The thermal stability of ISAV F294–404 and IAV HA382–519 core fusion protein was determined by CD spectroscopy over a wide pH range. Both IAV and ISAV host-viral envelope fusion events are pH-dependent, and an inverse correlation between class I core fusion protein thermal stability and pH has previously been demonstrated (25, 26). Additionally, it is known that the IAV HA fusion core is stabilized as the pH is adjusted to that of viral fusion in a biological system (27). As expected, our recombinant IAV HA fusion core was stabilized as it was subjected to an increasingly acidic environment (Fig. 3A). This stability gradient was also observed for the ISAV F core fusion protein (Fig. 3B), albeit the IAV HA fusion core (Tm = 86.5 °C; pH 4.5) demonstrated greater thermal stability overall than ISAV F294–404 (Tm = 67.5 °C; pH 5.5), and below the ISAV pH of fusion, ISAV F294–404 became increasingly unstable (Tm = 57 °C; pH 5.0, Tm =48 °C; pH 4.5) (Fig. 4A). In vivo, there is an extensive conformational change that occurs between the pre- and post-fusion species of the IAV HA protein. Notably, the B-loop of the trimeric IAV HA protein becomes α-helical and generates an extended coiled-coil core that begins at the N-cap region that encompasses the residues that previously formed the B-loop and terminates at a helical hairpin nearly 100 Å away (22). This conformation is nearly identical for the IAV HA protein (23), and the triggers for these changes are receptor engagement and decreasing pH. However, in the absence of the receptor binding subunit, the HA proteins adopt a post-fusion conformation even at neutral pH. Indeed, our orthomyxoviral fusion core protein constructs represent these proteins in the post-fusion conformation as CD wavelength spectral scans are superimposable between pH 7.5 and that of fusion for both IAV HA382–519 and ISAV F294–404 (Fig. 4, B and C), but importantly, their respective thermal stabilities increase dramatically in response to acidification (IAV HA382–519 ΔTm = +8 °C; ISAV F294–404 ΔTm = +16 °C).
Unlike retroviral glycoproteins that contain both an immunosuppressive motif and a CX6CC motif within structured chain reversal regions (28,–30), IAV HA, IBV HA, and ISAV F proteins all generate similar post-fusion bundles that lack an appreciable chain reversal region. Previously, we have shown that at low pH, positively charged residues located at the apex of the chain reversal region in various class I fusion proteins can stabilize the helical dipole moment present in the post-fusion conformation (25). A single conservative point mutation (R106H) at the apex of the chain reversal region in the post-fusion conformation of IAV HA can alter the pH of glycoprotein-catalyzed fusion events (31). However, in the ISAV F protein structure, the chain reversal region is capped by neutral polar residues, Tyr357 and Asn359, generating a polar environment that can interact with the bulk solvent, but does nothing to cap the negative helix dipole moment generated by the helical coiled-coil at the pH of fusion or otherwise. As such, the observed thermal stability of ISAV F294–404 is 19 °C lower than that of IAV HA382–519. Upon inspection of our crystallographic model, an alternate stabilization strategy of ISAV involving electrostatic stabilization became apparent.
The ISAV environmental niche demands that it survive drastic shifts in salinity while maintaining a functional glycoprotein on its surface in a poised state for fusion. Between pH 5.4 and pH 5.6, fusion occurs and the metastable fusion protein becomes an irreversible helical bundle as modeled by the ISAV F294–383 crystal structure. Furthermore, changes in the thermal stability of this conformation negatively correlate with the pH requirements of fusion (as illustrated in Fig. 3). In class I viruses that fuse in a pH-independent fashion, multiple intra- and intermolecular electrostatic interactions lock the outer helices into the core helical bundle to generate the post-fusion conformation (28). Viruses that fuse through a pH-dependent mechanism commonly use histidine-cation or anion-anion/carboxyl-carboxylate electrostatic switches to aid in the conformational rearrangement necessary for fusion (26, 32). Carboxyl-carboxylate interactions have long been demonstrated to stabilize cellular proteins at low pH (33, 34) or destabilize proteins at near neutral pH (35).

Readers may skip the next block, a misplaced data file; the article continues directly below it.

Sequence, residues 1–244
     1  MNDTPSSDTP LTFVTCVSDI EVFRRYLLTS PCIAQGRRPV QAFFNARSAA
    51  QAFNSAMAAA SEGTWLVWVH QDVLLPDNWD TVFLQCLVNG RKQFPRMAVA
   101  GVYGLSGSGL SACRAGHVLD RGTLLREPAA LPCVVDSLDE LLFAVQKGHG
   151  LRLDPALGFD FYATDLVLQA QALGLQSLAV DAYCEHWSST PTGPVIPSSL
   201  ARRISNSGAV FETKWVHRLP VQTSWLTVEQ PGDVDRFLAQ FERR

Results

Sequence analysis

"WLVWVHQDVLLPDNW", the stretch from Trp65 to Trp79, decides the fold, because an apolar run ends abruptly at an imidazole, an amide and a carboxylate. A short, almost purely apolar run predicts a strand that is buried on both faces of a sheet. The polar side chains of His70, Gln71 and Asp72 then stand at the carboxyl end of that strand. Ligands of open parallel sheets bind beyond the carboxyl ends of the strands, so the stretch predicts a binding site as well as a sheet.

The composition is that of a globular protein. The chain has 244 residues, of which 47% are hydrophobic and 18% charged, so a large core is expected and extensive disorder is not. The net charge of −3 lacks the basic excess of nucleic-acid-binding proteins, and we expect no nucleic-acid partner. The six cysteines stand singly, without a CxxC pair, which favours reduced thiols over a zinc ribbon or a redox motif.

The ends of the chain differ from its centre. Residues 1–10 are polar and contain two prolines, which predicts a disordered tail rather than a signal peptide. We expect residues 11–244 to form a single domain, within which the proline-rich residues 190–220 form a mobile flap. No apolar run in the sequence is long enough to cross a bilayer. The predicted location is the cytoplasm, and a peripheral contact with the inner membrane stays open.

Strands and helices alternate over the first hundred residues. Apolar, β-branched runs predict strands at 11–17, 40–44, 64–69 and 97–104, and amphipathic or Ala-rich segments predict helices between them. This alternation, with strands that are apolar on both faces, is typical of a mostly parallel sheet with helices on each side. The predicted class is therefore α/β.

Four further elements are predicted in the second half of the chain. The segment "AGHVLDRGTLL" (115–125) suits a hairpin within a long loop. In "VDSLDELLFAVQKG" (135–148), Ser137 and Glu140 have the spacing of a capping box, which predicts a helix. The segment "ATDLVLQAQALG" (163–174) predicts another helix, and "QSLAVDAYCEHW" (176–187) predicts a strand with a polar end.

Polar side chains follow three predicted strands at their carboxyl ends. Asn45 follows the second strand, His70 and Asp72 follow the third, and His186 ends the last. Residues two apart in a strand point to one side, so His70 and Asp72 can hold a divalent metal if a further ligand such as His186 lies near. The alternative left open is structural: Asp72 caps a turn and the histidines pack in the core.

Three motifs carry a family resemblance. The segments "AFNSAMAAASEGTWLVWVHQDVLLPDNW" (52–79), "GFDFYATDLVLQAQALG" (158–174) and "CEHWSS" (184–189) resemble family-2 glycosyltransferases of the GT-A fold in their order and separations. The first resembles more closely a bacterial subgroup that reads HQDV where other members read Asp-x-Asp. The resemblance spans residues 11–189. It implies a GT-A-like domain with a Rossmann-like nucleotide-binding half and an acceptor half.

The structure of ISAV F294–383 at low pH revealed a carboxyl-carboxylate pair that bands the trimeric helical core together. Glu327 participates in a 2.6 Å O–H–O hydrogen bond with Glu329 of the neighboring helix specifically when the molecule is subjected to low pH (Fig. 5A). NMR studies have identified short strong hydrogen bonds (shorter than 2.75 Å) as important mediators of protein stability (36). Through truncations and mutations, we hypothesized that the Glu327–Glu329 carboxyl-carboxylate electrostatic interaction on the ISAV F core fusion protein acts as a pH sensor. Initially, we looked for changes in thermal stability upon increasing the salt content of the protein buffer solution from 150 mm NaCl to 500 mm NaCl. The 500 mm NaCl solution was chosen to approximate the high salinity of seawater, which ranges from 2.5 to 4.0% (w/v) NaCl. The increased NaCl in the protein buffer solution only modestly increased the thermal stability of the protein by ~3 °C at pH 7.5 and pH 6.5; however, there was no apparent change in the stability of ISAV F294–404 at the pH of fusion (Fig. 5B). Interestingly, when we incubated the protein with 1 m GuHCl, another chaotrope, we observed a striking stabilization of the protein at pH 7.5 (ΔTm = +8 °C) and a decrease in thermal stability at pH 5.5 (ΔTm = −3 °C) (Fig. 5B). This observation immediately suggested to us that free carboxylates were destabilizing our construct at neutral and near neutral pH values. As a control, incubation of ISAV F294–404 with 1 m urea failed to stabilize the fusion subunit and instead resulted in ~2 °C decrease of the apparent Tm at all pHs assayed (Fig. 5B).